Which system is better: Kanban or Scrum? While there are subtle differences between both methods of Agile testing and development, the fundamental goals and benefits remain the same. It would be disingenuous to argue in favour of either Kanban or Scrum representing the superior approach to agile development. They each have their strengths, and drawbacks.

Table comparing key qualities of Kanban and Scrum as Agile methodologies

However, Kanban might be a better fit for your next project if these qualities are important to its optimal execution:

Better visualisation

Visualisation, in the shape of the Kanban board, is one of the most obvious strengths of the Kanban method.. The technology helps teams focus on what’s important and save wasted time figuring out where everyone else is. By creating a visual board of tasks and projects that shows their current status, broken down by stage of work from start to completion, you can see the status of everything in your workflow at a glance.

Kanban board Infographic

Each function within a software development team has a backlog of projects, or ‘epics’ and a series of processes or states that each task must pass through before delivery. The board also makes it easier to see when something needs your attention and helps identify problems before they become more significant blockers to the project’s progress.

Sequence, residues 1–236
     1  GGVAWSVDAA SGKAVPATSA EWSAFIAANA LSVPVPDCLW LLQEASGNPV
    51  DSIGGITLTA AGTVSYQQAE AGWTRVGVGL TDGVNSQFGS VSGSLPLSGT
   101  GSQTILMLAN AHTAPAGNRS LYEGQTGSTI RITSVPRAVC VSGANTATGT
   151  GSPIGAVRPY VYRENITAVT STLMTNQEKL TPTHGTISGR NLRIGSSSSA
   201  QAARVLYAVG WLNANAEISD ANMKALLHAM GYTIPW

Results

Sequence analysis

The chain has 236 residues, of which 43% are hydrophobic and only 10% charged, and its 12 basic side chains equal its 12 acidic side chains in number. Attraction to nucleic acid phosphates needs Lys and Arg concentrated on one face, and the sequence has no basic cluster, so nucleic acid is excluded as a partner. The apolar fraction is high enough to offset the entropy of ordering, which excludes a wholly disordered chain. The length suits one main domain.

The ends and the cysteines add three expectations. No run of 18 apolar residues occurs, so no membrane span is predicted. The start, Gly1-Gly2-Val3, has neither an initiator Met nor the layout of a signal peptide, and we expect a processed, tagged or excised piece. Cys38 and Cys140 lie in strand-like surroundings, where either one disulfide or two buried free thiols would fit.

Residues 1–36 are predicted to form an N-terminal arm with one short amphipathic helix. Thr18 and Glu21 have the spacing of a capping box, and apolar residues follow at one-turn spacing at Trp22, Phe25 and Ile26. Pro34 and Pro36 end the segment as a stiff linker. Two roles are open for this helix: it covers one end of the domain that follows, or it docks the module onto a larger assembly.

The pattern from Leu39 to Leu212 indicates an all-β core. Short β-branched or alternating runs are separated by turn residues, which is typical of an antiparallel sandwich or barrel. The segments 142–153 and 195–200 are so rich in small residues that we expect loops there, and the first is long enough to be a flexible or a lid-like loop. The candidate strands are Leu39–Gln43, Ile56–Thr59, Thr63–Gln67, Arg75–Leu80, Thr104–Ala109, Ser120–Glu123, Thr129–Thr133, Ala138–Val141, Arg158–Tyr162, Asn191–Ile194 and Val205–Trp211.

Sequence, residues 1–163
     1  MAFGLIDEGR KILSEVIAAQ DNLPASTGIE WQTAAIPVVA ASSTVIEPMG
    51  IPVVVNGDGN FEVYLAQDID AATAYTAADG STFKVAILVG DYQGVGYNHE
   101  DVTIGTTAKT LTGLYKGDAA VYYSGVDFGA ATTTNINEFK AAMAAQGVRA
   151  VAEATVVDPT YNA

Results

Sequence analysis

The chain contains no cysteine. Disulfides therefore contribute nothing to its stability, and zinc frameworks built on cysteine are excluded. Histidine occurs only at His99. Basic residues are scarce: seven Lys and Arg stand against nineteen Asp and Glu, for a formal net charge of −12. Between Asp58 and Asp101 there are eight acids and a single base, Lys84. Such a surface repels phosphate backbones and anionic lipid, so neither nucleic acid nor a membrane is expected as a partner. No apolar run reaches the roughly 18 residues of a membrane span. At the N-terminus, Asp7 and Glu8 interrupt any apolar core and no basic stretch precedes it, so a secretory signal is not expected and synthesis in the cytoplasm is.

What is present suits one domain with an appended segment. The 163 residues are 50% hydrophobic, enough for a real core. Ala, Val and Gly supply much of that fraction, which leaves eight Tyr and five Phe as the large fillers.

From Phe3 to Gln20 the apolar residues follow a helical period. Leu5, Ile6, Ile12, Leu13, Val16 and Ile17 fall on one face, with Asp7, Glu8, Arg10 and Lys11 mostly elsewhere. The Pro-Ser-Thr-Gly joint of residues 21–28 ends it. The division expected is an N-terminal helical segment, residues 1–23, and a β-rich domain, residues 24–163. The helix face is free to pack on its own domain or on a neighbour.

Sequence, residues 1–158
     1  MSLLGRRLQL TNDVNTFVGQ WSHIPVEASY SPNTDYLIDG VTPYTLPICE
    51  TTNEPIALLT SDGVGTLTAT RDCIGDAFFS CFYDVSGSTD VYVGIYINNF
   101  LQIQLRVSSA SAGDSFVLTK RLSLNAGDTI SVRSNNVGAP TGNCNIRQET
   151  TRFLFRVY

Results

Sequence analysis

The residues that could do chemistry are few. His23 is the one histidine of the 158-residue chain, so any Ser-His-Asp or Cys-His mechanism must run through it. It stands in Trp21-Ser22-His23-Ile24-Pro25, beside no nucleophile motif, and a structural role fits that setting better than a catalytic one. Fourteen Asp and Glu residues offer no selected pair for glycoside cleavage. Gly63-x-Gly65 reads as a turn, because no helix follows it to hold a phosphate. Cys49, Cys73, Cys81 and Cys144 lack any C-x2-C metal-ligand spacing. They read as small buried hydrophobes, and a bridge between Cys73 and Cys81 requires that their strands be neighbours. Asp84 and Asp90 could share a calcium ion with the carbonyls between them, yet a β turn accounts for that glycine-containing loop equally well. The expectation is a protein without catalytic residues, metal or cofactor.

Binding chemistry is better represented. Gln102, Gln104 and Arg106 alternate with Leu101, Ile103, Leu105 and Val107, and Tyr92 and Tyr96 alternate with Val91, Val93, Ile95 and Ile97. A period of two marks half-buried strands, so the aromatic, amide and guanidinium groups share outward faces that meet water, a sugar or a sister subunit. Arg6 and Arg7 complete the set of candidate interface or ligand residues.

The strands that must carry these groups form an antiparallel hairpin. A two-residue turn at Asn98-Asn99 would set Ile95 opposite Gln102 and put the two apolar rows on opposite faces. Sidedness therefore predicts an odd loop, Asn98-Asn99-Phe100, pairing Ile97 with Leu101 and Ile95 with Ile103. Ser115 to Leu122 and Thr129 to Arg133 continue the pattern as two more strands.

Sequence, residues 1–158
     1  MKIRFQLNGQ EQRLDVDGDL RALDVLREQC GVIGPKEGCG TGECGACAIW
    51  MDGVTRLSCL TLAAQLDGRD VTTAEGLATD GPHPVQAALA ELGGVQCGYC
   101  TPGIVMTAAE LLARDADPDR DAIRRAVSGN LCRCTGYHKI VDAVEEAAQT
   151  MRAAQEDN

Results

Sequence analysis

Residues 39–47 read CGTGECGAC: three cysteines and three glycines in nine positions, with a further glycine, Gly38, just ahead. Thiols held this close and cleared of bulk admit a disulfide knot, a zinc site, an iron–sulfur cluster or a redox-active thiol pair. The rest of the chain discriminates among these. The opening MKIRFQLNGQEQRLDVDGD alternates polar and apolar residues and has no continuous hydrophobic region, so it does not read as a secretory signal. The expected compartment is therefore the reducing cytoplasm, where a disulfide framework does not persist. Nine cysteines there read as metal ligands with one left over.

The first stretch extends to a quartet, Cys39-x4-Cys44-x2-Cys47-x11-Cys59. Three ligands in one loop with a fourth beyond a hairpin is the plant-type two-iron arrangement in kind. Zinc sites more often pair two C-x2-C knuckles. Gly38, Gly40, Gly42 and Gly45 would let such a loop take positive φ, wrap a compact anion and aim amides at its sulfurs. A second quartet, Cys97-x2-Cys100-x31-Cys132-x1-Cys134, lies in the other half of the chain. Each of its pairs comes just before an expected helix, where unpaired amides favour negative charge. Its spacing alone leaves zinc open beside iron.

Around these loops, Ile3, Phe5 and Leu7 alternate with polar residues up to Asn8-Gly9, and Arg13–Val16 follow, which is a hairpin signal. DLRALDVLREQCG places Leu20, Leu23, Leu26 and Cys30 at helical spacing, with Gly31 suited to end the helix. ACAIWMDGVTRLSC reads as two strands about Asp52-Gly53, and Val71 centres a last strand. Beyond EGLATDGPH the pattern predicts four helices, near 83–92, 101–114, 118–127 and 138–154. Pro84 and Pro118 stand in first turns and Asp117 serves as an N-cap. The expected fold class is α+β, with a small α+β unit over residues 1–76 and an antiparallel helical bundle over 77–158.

Kanban is a lightweight card-based workflow management process. It focuses on getting the job done rather than having an extensive suite of features, which makes it ideal for small teams or projects that don’t require a lot of overhead.

Its small overhead means it’s ideal for teams who want to get started with workflow management or those on a tight budget. At the same time, its core philosophy of communication and feedback-based design keeps all stakeholders involved and accountable.

Prevents team overburden